Whenever you want to talk about childless people, these stereotypes rear their head. It's like people think that all we want is to smoke crack in the playground or take over the wading pool with our jet skis.
It’s not what we want. We want not to be hounded.
The migration stream to Berlin has focused on many a thing. Better housing, a more open cultural landscape, lower cost of living. But I also think the Swedish author Horace Engdahl hit the nail on the head when he moved to Berlin and called it "a Sweden for grown ups".
Among my Swedish friends here in Berlin, our choice to move is related to our generation's baby boom. Cafés in Sweden went from smoky hangouts where truant high schoolers, the unemployed and freelancers rubbed shoulder to becoming well lit café latte bars for stressed out parents in the fastlane.
If there were any hangout spots in Stockholm that managed to keep their allure, they were quickly replaced by malls full of organic soap and rustic candelabra.
The urban character of Stockholm was washed away by a middle class ghetto.
For those of us without children, it was like the city no longer offered us refuge. There seemed to be this consensus that you either have a kid and adapt, or you keep a darn low profile.
All the things we liked were all of a sudden outdated or worse still, stood for bad values. The pub was a "superficial meat market", rock clubs became "irritating hangouts for alcoholics". And the night clubs? Yup... that was where the druggies hung out in the eyes of the new families.
"I can’t believe that used to be my life," the smug parents started saying.
We just had to ignore the barely concealed insults while yet again congratulating them on producing a precious little miracle while it refluxed baby food.
Moving to Berlin gave the possibility to dance until eight in the morning on a Wednesday without having to hang your head in shame. To not feel ostracized in your apartment block because your schedule isn't perfectly in sync with everyone else's. To not feel left out in the cold just because your life doesn't necessarily fit all the parameters set up to make the life of parents easier.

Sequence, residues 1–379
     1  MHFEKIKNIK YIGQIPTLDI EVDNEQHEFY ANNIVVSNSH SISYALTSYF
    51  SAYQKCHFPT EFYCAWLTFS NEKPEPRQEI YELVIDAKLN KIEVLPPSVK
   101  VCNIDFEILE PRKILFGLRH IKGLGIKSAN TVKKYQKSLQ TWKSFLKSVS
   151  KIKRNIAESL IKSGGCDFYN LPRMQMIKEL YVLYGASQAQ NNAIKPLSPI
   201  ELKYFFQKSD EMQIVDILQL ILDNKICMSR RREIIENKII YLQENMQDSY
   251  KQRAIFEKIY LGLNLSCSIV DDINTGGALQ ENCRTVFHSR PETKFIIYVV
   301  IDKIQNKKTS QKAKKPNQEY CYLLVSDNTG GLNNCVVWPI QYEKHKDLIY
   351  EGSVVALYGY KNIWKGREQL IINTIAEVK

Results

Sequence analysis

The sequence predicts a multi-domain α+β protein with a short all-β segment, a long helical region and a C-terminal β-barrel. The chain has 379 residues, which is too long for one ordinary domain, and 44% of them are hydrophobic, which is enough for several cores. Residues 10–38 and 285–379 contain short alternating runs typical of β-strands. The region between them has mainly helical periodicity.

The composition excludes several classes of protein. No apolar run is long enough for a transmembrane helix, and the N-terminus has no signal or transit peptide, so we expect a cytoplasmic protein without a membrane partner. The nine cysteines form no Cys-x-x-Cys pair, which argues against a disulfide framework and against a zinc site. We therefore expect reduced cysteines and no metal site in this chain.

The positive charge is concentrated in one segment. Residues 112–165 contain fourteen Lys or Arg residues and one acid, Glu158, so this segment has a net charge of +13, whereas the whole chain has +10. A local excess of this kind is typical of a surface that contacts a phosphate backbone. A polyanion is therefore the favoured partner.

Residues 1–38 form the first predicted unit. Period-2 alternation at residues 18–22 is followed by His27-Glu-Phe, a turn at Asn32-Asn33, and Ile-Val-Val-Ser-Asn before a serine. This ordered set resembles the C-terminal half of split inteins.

Not to have to feel immature, self-centred, different or like the oddball bachelor or spinster just because you haven't reproduced.
I’d like to see a bit more respect for us who have either chosen not to join the parent gang or haven’t been able to. Does being a grown up have to be defined this way, does it have to be synonymous with parenthood?
Let’s create a new narrative about childlessness. For example, let's talk about how our groups of friends give emotional support, especially now that some of us 30-somethings are starting to lose our parents.
We do take responsibility. We answer the phone if a depressed friend calls in the middle of the night to talk. We help a friend who is crippled by illness to clean their flat. We go with our lover to their mum’s funeral so they don’t have to go alone.
I’d like to see a fair deal more respect for us who don’t have children and I’d like to see that adulthood isn't synonymous with parenthood. Our childless families need places and spaces where we can meet and have our needs met.
I never regretted having so many heterosexual friends, despite that warning over a decade ago. Partly, of course, because in the next ten years it became more and more common for gay couples to become parents so the child haves and the child have nots spread over the categories.
I congratulate all the new rainbow families, but I still want to congratulate those of us who don’t have children just as much. We have people who need us just as much as the parents do.
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The original version of this article was published in the magazine Ottar.